What makes a story reach the level of greatness? What transforms the story from ordinary to memorable and makes it go viral? Is it the talent of the teller or the uniqueness of the story?
I have no idea. I’ll give you my thoughts on the subject, anyway.
I have made some observations as I have listened to others tell their stories. These subtleties elude many tellers of stories and often keep them both from reaching their full potential. I know a good story when I hear one.
I have outlined a few things that can tank an otherwise good story.
My family is full of storytellers. Let’s start with Grandpa Sanderson. He had thousands of stories that he liked to tell thousands of times. I can’t remember any of them, but most were about fishing or hunting…I think. What mattered in his case was his love of telling them. I don’t remember him ever saying, “Stop me if I’ve already told you this.”
I don’t like two people who both know the story to be present at the time of the telling. One will get to the interesting part and then stop the whole flow by saying something like this: “What was the name of that street? Was it Elm? No not Elm, but I think it started with an E. Or was it an S?” Then the other knower of the story will say, “It wasn’t a street, it was a culdesac.”
About that time I want to scream, “IT DOESN’T MATTER!” It usually has no value to the one who is listening, and you can be sure a few more sentences into it, the tellers will struggle with trying to remember another unimportant detail. It ruins the timing and therefore, the story. Remember that.
Go on. I’m listening
Mom’s stories were good no matter how many times she told them for two reasons. She never told it the same way twice and she always acted it out. She could mimic the way someone walked and the expression on their faces to a T, and her stories were always entertaining. It didn’t really matter if they weren’t entirely factual, you always wanted to believe they were true, because they were so good.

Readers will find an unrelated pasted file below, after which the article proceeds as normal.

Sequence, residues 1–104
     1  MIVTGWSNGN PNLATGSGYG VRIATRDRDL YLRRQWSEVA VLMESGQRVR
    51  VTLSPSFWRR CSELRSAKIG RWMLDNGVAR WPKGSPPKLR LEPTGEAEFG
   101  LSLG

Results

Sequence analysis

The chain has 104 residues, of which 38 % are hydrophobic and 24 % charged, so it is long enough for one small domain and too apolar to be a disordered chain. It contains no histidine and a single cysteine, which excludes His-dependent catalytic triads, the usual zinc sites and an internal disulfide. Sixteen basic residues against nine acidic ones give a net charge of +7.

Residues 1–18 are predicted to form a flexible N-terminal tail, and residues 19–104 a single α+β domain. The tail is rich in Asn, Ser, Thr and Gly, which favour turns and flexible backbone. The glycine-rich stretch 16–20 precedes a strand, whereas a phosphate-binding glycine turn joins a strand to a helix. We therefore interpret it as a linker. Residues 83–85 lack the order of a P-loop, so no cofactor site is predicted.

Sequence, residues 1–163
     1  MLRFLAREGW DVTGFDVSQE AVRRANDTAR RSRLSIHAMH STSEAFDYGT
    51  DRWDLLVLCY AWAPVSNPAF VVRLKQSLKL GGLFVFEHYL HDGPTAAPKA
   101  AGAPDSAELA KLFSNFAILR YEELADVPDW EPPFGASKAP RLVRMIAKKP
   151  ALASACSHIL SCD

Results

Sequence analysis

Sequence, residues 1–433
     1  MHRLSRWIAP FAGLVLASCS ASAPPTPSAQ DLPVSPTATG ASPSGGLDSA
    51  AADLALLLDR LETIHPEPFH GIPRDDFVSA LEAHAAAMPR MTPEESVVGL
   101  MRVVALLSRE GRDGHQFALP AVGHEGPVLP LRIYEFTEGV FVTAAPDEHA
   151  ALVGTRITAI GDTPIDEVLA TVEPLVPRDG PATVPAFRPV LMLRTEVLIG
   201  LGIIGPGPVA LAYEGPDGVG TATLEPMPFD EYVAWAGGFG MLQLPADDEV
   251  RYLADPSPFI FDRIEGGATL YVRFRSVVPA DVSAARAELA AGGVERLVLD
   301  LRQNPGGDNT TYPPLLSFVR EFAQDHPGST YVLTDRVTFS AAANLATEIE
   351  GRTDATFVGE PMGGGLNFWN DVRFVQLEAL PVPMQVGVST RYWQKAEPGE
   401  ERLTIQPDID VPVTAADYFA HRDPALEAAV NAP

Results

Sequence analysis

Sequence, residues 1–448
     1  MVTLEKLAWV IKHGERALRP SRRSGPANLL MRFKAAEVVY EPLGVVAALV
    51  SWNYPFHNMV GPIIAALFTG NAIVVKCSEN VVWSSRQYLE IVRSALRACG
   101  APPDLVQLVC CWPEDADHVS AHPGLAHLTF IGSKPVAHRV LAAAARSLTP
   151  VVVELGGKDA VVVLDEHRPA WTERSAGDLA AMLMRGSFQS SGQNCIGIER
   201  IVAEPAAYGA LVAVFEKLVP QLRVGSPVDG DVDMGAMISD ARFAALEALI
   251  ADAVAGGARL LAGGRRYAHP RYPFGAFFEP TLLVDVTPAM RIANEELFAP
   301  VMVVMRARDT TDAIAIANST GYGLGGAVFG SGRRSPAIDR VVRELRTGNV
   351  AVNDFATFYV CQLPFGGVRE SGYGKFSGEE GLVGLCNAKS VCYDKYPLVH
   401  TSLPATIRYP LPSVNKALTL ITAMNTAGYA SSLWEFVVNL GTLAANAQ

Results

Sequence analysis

Humorous stories should be humorous to both the teller and the hearer. Don’t anticipate what’s ahead and start cracking up before you get to the funny part, storyteller. The funny part might not live up to the expectations you have unwittingly built up. It could fall flat, and you’ll be hard pressed to find an audience for your next tale.
Beware of the spoiler. The spoiler is the person who is reminded of a story they want to tell and can’t wait for you to finish so they talk over you. I once had someone tell me to be quiet please, because they were tired of talking over me. Can you imagine? The best thing you can do is stop telling. Do not waste a good story. It takes a tremendous amount of self-control (so I’m told), but if you don’t have the full attention of your audience, you won’t get the full effect. Or is that affect? On the other hand, if it’s the second or third time you have told the story, you can make the call. If the other storyteller is telling a better story, laugh (a little) and move on. If your story is better, it might be worth it to wait, laugh politely when he or she is finished, and tell your tale.
This goes without saying and I don’t want to talk down to you, but please…don’t tell a story if you don’t remember the punchline. And speaking of appropriateness, which we weren’t, consider what you are telling to whom. If you can’t adjust your stories to your audience then, sadly, you are not a storyteller, so take up some other hobby that doesn’t involve talking like painting or collecting water towers.
I think that’s enough for today. I don’t want to overwhelm us.
(Our granddaughter, Charlie, was here over the weekend and she is quite the storyteller. They never end. She tells them in three parts. Here she is telling Cyndie a story.)